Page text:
I’m not normally one to comment too loudly on politics, but I find myself agreeing very strongly with the recent comments Allan Bevere makes in his post about the recent Massachusetts election. In part, Allan writes:
The Democrats, however, misread what change really meant for the Independent. Perceiving that the rejection of the partisan right meant an embracing of the partisan left, they set out acting in the same extreme ways that got the Republicans in trouble. Independent voters wanted change, which meant not more of the same, which is exactly what they received in the form of huge deficit spending and health care legislation that smelled of backroom deals and special perks for some states while taking away those same perks from others.
I think Allan has very accurately expressed the views of a broad swath of Americans, regardless of party affiliation. Many of us don’t really care for the partisan politics. We don’t really trust either party. And we have come to realize that the best way to handle the shenanigans of either party is to immediately elect a counteracting balance of the opposite party into power.
In essence, how do you make the best of our sputtering American democracy? You borrow a page from democracy’s inventors, the Athenian Greeks, and you bog it down in a bureaucratic stalemate. You pit party against party and hope they’re so busy fighting each other that they can’t muster enough meaningful votes to do any real harm, because if either were to get their unhindered way, it would be unmitigated disaster for the rest of us.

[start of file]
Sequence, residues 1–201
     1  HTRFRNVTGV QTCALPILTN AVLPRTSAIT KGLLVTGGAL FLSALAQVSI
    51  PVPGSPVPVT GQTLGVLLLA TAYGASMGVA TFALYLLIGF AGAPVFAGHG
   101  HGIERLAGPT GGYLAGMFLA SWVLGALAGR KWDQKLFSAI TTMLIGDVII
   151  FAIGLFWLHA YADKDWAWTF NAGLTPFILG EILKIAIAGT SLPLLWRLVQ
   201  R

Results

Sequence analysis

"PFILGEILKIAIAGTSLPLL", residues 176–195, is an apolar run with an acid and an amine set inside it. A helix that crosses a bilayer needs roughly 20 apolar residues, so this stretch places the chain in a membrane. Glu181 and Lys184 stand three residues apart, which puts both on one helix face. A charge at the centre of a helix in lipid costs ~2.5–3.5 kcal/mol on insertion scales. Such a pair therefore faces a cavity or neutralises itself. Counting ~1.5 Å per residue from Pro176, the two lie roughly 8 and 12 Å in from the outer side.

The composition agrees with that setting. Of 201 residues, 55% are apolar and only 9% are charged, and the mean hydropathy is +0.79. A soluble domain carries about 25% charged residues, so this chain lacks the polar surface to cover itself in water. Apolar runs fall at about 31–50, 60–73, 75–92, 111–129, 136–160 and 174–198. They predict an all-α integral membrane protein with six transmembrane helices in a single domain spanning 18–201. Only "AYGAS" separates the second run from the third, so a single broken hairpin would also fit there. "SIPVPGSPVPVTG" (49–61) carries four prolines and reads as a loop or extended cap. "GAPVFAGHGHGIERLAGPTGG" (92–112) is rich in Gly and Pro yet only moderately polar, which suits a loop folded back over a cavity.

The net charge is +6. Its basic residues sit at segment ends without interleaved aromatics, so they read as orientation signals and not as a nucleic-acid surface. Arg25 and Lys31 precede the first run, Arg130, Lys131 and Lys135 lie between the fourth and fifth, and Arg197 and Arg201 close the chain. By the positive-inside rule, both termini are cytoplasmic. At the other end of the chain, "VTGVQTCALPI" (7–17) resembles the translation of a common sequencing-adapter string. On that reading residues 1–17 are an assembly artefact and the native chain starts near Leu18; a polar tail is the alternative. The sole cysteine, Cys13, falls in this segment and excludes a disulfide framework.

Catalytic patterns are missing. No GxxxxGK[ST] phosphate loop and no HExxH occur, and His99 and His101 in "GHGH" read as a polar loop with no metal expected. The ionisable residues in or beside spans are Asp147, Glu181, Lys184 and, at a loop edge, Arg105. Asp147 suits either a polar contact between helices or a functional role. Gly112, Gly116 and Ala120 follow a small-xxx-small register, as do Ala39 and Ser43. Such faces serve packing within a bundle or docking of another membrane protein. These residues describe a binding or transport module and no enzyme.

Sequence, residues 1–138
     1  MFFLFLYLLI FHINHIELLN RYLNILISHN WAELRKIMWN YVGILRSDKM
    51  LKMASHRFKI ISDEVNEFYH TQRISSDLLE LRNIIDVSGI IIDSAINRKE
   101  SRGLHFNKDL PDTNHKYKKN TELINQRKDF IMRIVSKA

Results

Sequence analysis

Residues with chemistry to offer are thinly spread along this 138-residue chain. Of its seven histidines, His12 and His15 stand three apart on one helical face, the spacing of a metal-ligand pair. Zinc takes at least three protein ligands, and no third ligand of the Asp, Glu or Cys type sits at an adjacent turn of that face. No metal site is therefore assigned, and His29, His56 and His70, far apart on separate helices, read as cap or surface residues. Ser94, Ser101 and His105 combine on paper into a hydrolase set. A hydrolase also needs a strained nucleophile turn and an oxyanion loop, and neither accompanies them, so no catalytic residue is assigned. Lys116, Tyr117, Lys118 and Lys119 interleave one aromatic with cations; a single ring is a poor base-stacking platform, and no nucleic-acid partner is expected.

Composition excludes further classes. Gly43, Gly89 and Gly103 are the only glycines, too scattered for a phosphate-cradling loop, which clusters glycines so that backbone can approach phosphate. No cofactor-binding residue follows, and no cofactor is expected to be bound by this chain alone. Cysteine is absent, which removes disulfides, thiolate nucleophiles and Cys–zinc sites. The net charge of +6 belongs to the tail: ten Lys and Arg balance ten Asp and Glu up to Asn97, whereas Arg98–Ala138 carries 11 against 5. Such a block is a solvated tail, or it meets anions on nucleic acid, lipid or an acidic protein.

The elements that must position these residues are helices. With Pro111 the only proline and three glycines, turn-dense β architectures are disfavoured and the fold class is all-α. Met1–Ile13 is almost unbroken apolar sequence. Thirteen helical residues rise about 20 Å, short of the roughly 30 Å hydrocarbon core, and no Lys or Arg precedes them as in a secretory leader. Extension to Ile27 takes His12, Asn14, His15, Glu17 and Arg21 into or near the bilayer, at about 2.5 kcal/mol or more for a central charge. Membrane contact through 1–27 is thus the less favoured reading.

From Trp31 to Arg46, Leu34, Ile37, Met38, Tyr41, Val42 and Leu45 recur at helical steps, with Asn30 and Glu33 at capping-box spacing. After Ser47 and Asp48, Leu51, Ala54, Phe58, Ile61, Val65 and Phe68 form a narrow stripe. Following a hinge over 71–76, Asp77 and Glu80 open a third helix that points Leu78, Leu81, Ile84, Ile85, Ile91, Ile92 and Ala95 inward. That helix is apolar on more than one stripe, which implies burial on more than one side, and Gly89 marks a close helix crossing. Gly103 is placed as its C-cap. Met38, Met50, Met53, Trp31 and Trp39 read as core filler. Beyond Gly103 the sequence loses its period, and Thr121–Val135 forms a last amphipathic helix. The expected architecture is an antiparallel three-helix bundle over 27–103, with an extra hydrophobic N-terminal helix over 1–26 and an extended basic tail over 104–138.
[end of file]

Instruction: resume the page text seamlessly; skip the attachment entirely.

While I don’t want to put words in his mouth, I suspect this is something of what Allan means when he speaks of a “bipartisan” health care plan. Even if not, it’s certainly what I’m hoping and praying for.
I suspect all of us want better health care than what we’ve currently got, but what keeps me up nights is the thought of what either the Democrats or the Republicans would cook up all by themselves if they had the opportunity. Of course, in my opinion, the same could be said of foreign policy, the war in Iraq, and the fight against terrorism.
So, if you’re strongly tied to either party (that means you, UMC!), please take the hint: We don’t want to join your political party. We don’t really trust you. And we will do whatever it takes to bog you down in petty minutia in the hopes of stalling out your agenda.
In the meantime, let us all hope and pray that sanity returns to our leaders and they actually start caring about the average human being and the common good again.
Okay, rant over. Now to return you to your regularly scheduled programming …